Phase 2: recognizing local concerns and capacities

The “recognizing” phase involves predicting, analyzing, and assessing the likely impacts of the proposed intervention and helps development agencies refine their proposals to better address local needs and perceptions and to recognize resilient capacities (Esteves and Barclay 2011; Esteves et al 2013). In the Tratturo Magno project, the first step in this phase was informing key actors and stakeholders about the proposed intervention. By interviewing local entrepreneurs and members of local community groups, this became a listening process that recorded people's perspectives and reflections about the main problems in the area and people's capacity to address them.

Between September and December 2014, interviews were undertaken with 55 local business people and 10 representatives of local community groups who had been selected during the “understanding” phase. Representatives of all businesses located on the Tratturo Magno were also interviewed. A survey used with local entrepreneurs provided information about the Tratturo Magno project and asked the entrepreneurs about the nature of their businesses, their problems and needs, and what they could do to contribute to the success of the project.

The survey used with local NGOs requested an account of their goals and activities, especially in relation to any local cultural events that could be supported or promoted by the Tratturo Magno project. It also requested information about the natural and cultural heritage in the region the NGOs considered to be significant, as well as about their perceptions of the main issues in implementing sustainable development in the region. Following completion of the survey, in-depth interviews were conducted to gain a better understanding of these issues and to collect anecdotes related to the traditional use of the Tratturo Magno.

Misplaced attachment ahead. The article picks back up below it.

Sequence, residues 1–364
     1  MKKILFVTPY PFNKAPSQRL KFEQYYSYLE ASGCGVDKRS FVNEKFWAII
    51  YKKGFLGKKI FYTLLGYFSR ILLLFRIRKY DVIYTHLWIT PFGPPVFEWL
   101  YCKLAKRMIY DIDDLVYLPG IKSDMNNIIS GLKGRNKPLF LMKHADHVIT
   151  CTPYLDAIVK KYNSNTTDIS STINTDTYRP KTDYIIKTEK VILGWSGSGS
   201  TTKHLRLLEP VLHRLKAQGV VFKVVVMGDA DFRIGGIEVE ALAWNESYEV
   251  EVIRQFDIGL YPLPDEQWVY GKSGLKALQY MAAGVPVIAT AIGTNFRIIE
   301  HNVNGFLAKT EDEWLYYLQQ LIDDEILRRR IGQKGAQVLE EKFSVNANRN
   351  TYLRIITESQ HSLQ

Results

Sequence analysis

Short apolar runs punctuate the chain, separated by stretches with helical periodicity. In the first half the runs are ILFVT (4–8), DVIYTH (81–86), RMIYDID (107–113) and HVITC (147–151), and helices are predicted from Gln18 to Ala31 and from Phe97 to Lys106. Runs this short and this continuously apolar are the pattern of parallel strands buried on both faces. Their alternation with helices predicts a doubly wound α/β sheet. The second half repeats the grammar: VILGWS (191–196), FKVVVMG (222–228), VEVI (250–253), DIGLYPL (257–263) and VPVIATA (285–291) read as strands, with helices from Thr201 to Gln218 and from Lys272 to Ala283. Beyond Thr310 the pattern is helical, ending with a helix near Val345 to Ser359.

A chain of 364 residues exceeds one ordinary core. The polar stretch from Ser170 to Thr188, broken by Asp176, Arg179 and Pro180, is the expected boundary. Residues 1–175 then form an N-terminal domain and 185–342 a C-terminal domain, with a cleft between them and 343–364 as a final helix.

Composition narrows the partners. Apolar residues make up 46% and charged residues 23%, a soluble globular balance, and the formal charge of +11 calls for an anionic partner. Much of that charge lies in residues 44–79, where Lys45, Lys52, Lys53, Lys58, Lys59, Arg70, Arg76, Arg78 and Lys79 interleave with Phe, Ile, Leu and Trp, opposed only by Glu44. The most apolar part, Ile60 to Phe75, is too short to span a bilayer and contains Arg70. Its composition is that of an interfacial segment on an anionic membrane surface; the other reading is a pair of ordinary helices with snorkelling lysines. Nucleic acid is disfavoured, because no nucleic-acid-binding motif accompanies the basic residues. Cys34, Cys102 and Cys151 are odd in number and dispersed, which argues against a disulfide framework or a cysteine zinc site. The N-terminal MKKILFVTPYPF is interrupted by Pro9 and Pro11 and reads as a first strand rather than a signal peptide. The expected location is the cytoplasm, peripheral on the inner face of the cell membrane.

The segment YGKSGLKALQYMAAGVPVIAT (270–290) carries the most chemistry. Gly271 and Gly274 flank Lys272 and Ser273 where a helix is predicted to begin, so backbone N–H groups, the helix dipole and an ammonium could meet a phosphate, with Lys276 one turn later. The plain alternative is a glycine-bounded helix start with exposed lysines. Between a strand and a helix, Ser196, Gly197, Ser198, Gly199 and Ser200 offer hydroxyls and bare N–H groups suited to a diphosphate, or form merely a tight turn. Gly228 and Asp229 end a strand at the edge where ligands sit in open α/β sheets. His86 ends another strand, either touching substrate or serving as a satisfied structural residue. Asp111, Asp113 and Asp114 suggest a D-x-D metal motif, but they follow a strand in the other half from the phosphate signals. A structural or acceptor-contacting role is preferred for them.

Semistructured interviews were conducted with the mayors of the 10 municipalities traversed by the paths. They were asked about how institutional support for the Tratturo Magno project might be gained, and about any cumulative impacts that might arise from other planned interventions in the region.

This process of listening was crucial to recognize and acknowledge local perceptions of past and future development interventions—and to identify and acknowledge local knowledge and abilities, which were then used to enrich the planned intervention. Interviews with the mayors helped to clarify the local institutional perspective and identify additional interventions that had the potential to influence the project. For example, a badly planned highway and the construction of the TransAdriatic Pipeline emerged as key threats to the Tratturo Magno project.

The problems and needs mentioned by participants included poor management of local natural and cultural resources, low levels of awareness of these resources, a lack of tourist information, poor public governance of local development interventions, lack of transparency, limited opportunities for public participation, unfairness in development policies, lack of cooperation among local entrepreneurs, and limited local expertise in place branding and marketing. The social and cultural polarization between urban and rural areas was also mentioned, especially by local NGOs. There was also a general feeling of marginalization and exclusion from the main development policies influencing transformation within Italy.

To be as inclusive as possible, the “recognizing” process has to identify all the subgroups in the local communities, especially the most marginalized and vulnerable. For example, in sustainable mountain development, although attention is often given to tourism, it is also crucial to recognize and empower the role of local shepherds in maintaining and preserving the landscape, to minimize the risk that the tourism industry (which is often externally owned) might displace rather than sustain local livelihoods.

In the Tratturo Magno project, to take the role of shepherds into account, with the help of the provincial Animal Health Service we identified 21 local farmers. They were grazing 5368 sheep, 255 beef cows, 248 dairy cows, and 36 goats, with an estimated annual production value of over € 1 million. Implementing integrated strategies that would promote rural tourism in a way that strengthens the primary sector of the local economy is vital in the L'Aquila mountain area and elsewhere.

Phase 3: engaging local communities